The sustainable almond growers and Almond Board report that 6,500 almond growers farm 760,000 acres and grow nearly 100% of US almonds and 80% of the world’s almonds. Almonds add more than 100,000 jobs, $11 billion to the state’s economy and are California’s largest export. I water my sycamore to provide house shade and it provides NO income though undoubted contributes to energy cost savings. If an almond tree consumes approximately the same in water and provides the state with jobs and income, it doesn’t seem wise to shut that spigot off.

So how then do we ask Walmart to move its water bottling operation out-of-state? Nestles and Arrowhead also bottle water in California. And what about locally-owned Alhambra?
What will I do if the dregs of Folsom Lake tastes nasty? Several friends in Carmichael have switched to bottled water for that very reason, their usual municipal water sources are depleted and the current mix is distasteful. The water table is dropping and some neighborhoods near Fresno no longer have  running water. Water is trucked in by the municipality and public showers have been opened. Can you imagine? What if that was mi casa or su casa? It very well could be!

One climate model predicts a fifty-year drought and that in just two decades, there will be no skiing in California. Squaw Valley (1960 Winter Olympic site) and adjacent Alpine Meadows ski resorts must have missed that memo as they made an April announcement a to link both parks with a high-speed gondola.
I went skiing at Squaw last winter. It was rocky; my hiking boots would have been more useful and appropriate. It was a scary and disconcerting sight.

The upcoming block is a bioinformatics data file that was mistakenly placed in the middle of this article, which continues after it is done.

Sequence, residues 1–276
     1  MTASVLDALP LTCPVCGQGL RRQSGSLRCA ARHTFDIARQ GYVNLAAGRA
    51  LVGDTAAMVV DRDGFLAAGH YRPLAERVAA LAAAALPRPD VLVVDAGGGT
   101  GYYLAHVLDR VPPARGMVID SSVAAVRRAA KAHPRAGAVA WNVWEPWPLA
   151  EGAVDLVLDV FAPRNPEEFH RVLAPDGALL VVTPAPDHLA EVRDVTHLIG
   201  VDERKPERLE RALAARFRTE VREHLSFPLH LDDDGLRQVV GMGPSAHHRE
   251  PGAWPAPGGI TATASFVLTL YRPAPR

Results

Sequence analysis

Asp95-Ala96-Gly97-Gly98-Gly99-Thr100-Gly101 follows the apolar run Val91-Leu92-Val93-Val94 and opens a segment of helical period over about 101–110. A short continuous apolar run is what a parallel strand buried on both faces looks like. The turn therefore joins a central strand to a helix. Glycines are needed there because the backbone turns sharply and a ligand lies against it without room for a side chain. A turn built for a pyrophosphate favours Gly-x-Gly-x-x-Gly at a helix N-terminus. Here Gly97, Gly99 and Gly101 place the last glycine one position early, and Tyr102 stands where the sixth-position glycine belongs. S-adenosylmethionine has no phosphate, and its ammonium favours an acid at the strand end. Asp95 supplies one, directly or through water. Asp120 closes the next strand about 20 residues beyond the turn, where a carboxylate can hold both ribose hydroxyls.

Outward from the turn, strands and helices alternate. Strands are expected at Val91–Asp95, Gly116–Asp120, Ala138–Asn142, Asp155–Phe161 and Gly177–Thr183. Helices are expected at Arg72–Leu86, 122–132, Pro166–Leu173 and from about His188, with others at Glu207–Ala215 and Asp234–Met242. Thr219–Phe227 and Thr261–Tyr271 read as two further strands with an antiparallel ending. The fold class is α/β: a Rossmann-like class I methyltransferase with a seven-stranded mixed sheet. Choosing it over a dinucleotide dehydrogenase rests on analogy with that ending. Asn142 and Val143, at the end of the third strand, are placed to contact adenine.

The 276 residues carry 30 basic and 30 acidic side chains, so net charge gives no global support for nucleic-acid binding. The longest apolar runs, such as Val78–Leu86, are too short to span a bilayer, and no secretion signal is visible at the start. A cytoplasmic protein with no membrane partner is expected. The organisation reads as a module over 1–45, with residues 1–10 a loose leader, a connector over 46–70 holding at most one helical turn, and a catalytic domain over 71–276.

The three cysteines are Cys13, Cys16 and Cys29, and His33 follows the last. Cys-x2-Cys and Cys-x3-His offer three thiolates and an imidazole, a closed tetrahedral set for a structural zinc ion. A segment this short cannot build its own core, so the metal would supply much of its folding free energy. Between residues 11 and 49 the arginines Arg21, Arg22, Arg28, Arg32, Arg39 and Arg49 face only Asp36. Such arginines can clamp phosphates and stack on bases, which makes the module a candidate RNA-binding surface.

I camped in Sequoia National Park (NP) in March. The General’s Hwy linking Sequoia to King’s Canyon NP, typically closed for snow, was open all winter. Same for Tioga Pass, the east-west mountain pass across Yosemite - open all winter. Virtually NO snow was visible from the Yosemite Valley floor as I gazed across its expanse in February. And while all of that is most unsettling, it does nudge me into rethinking park access and “off-season” backpacking.

Climate models also predict a 2015 El Niño winter. Historically, a strong El Niño brings powerful storms and lots of rain to the West Coast and Southwest. Good news; right? 
“The great myth is that El Niño will be the great drought buster,” says Bill Patzert, climatologist at NASA's Jet Propulsion Lab in Pasadena and one of the world's foremost experts on El Niño. He explains that typically dry SoCal’s infrastructure is built to move excess water quickly seaward. NorCal’s water infrastructure is built to capture snowmelt. El Niño winters are wet and warm leaving little snowpack. Rainwater capture will occur only when El Niño rains over a reservoir and its tributaries. Rainfall in the foothills directly replenish now depleted aquifers but don’t look to El Niño as savior.